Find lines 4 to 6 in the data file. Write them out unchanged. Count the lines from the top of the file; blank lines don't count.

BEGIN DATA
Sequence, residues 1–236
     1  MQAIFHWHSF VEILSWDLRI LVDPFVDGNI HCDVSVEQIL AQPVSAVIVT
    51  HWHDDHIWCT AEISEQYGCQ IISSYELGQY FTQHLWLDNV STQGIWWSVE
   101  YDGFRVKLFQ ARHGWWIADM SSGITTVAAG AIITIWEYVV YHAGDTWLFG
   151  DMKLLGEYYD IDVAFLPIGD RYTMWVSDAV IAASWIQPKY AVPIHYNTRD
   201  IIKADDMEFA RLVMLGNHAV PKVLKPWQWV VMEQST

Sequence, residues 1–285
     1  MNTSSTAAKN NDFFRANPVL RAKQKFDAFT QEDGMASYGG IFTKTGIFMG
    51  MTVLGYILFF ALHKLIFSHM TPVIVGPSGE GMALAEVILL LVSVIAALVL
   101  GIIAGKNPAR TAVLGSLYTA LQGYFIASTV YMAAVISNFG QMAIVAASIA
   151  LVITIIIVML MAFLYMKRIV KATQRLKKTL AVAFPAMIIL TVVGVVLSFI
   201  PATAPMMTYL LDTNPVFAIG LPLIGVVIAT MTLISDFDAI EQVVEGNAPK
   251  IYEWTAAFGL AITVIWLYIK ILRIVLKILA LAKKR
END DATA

   101  YDGFRVKLFQ ARHGWWIADM SSGITTVAAG AIITIWEYVV YHAGDTWLFG
   151  DMKLLGEYYD IDVAFLPIGD RYTMWVSDAV IAASWIQPKY AVPIHYNTRD
   201  IIKADDMEFA RLVMLGNHAV PKVLKPWQWV VMEQST